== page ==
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Lecture 4

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Western University
Health Sciences
Health Sciences 1001A/B
Shauna Burke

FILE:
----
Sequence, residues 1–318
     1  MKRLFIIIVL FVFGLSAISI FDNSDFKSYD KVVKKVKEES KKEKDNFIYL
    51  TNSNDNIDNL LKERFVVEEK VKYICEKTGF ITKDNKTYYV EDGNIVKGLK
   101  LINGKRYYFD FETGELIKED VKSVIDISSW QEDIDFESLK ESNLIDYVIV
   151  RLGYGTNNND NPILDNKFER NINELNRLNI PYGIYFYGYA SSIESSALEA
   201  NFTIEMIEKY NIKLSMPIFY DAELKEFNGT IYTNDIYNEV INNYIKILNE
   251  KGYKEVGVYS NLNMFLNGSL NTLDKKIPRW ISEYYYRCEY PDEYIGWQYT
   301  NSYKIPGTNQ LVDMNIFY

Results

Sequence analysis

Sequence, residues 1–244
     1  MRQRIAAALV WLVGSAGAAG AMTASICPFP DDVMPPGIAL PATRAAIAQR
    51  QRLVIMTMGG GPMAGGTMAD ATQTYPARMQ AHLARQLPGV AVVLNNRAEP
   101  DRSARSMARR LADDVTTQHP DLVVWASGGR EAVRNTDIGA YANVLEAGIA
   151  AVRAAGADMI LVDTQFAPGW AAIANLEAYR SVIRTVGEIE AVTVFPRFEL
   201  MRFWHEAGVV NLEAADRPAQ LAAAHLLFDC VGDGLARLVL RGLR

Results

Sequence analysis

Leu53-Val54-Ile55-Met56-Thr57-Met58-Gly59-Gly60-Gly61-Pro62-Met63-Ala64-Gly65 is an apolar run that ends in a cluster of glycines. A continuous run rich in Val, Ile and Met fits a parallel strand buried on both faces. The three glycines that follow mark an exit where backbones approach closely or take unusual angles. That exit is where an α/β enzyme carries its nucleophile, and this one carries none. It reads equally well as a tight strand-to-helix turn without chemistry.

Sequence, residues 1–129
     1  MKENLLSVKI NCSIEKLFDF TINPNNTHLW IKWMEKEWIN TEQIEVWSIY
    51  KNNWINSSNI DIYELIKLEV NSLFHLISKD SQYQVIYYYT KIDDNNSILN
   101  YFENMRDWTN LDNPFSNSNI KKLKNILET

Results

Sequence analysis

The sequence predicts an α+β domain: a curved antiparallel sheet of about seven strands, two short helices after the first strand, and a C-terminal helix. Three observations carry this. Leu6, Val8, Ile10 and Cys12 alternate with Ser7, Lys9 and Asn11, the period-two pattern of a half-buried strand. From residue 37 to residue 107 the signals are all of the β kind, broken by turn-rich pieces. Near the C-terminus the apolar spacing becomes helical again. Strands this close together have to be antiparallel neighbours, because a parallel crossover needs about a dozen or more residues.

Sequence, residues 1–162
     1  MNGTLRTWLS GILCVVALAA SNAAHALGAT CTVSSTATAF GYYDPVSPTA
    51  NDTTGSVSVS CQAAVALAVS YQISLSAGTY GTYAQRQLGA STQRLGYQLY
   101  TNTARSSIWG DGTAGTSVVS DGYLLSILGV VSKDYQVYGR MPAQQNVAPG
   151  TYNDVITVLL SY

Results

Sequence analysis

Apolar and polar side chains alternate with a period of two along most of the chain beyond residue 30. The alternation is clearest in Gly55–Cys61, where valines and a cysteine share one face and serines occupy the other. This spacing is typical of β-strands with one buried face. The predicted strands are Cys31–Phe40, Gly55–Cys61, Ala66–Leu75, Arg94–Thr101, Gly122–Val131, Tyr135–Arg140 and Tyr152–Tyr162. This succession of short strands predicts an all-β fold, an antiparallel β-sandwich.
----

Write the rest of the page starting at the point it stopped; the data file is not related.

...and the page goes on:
Lecture 4 Weight Management Maintaining a Healthy Weight: A Public Health Challenge - Health Canada reports that approximately 61% of Canadian adults are overweight, including 24% who are obese - By 2021, estimated 70% of males and ~50% of females will be overweight or obese Basic Concepts of Weight Management - Body composition o Subcutaneous fat o Visceral fat o Ectopic fat - Energy balance o When energy in equals energy out, maintain current weight - Evaluating Body Weight and Body composition o Height-weight charts o Body Mass Index o BMI >30 = obese o Not a great predictor of health  Doesn’t count muscle  Is relative  Not good for kids and elders o Body composition analysis  Hydrostatic weighing and Bod Pod  Bod Pod: helps determine body fat  Skinfold measurements  Electrical impedance analysis  Scanning procedures  Ex. DEXA - Excess body fat and wellness o Several health risks  Reduced life expectancy  Unhealthy cholesterol  Cardiovascular disease  Diabetes  Cancer  Skin problems o Distribution of body fat important indicator of health  Apple vs pear shape  Apple: all fat distributed in organs and around heart  Pear: fat distributed in hips o Not surrounding major organs  Men = apple, women = pear - o Waist circumference is sometimes used as marker for current and potential health challenges - Negative body image: characterized by dissatisfaction with body in general or some part of body in particular - Very low levels of body fat can be threat too o Reproductive, circulatory, and immune system disorder o In order for female to start menstruating need certain amount of fat Factors contributing to excess body fat - Genetic factor o Estimates of genetic contribution to obesity vary widely, from 25%- 40% of an individual’s body fat  So ~30%genetic and ~70% our control o Scientists have so far identified more than 600 genes associated with obesity o Genes influence body size and shape, body fat distribution, and metabolic rate o If both parents obese, children have 80% risk of being obese o If one parent obese, 40% risk o Hereditary influence have to be considered along with environmental factors  Important that intervention programs need to include whole family - Physiological factors o Metabolism: key factor in regulation of body fat and body weight  Influenced by heredity, behavior, weight loss or gain, and exercise  How fast body can break down food o Hormones: play role in accumulation of body fat particularly in women during puberty, pregnancy, and menopause o Fat cells: similar to little compartments that inflate to hold body fat  Determine amount of fat one has in body  Can decrease the size of fat cells  When existing ones are filled, body makes more, and increase ability to store fat - Lifestyle factors o Eating calorie-dense foods: contain high-fat and high-sugar  Rely on fast food or packaged convenience food  Restaurant portion sizes o Physical activity declining in Canadians  School cut back on physical education and recess  Most adults inactive throughout the day - Psychosocial factors o Use food as means of coping with stress and negative emotions  Eating can provide powerful distraction from difficult feelings o Obesity strongly associated with socioeconomic status  More women than men are obese at lower income levels  Men more obese at higher income levels o Food integral part of familial or cultural gatherings and celebrations  Can be difficult to change established eating patterns Diet and Eating Habits - Total calories o To maintain current weight, total number of calories you eat has to equal number you burn o To lose weight, need to decrease calorie intake or increase the number of calories you burn o Best approach is combining increase in physical activity with moderate calorie restriction o Make sure to look at serving size when looking at how many calories - Portion size o Overconsumption of total calories closely tied to portion size o Many Canadians unaware that portions have increased  Most significantly underestimate amount of food we eat o Eat more food they perceive of being healthy but in process consume far more calories than needed  Ex. protein source = palm of hand - Energy (calorie) density o Energy density: number of calories per gram o Avoid large helpings of energy-dense foods like butter, mayo, cheese, chocolate, fatty meats, and processed foods
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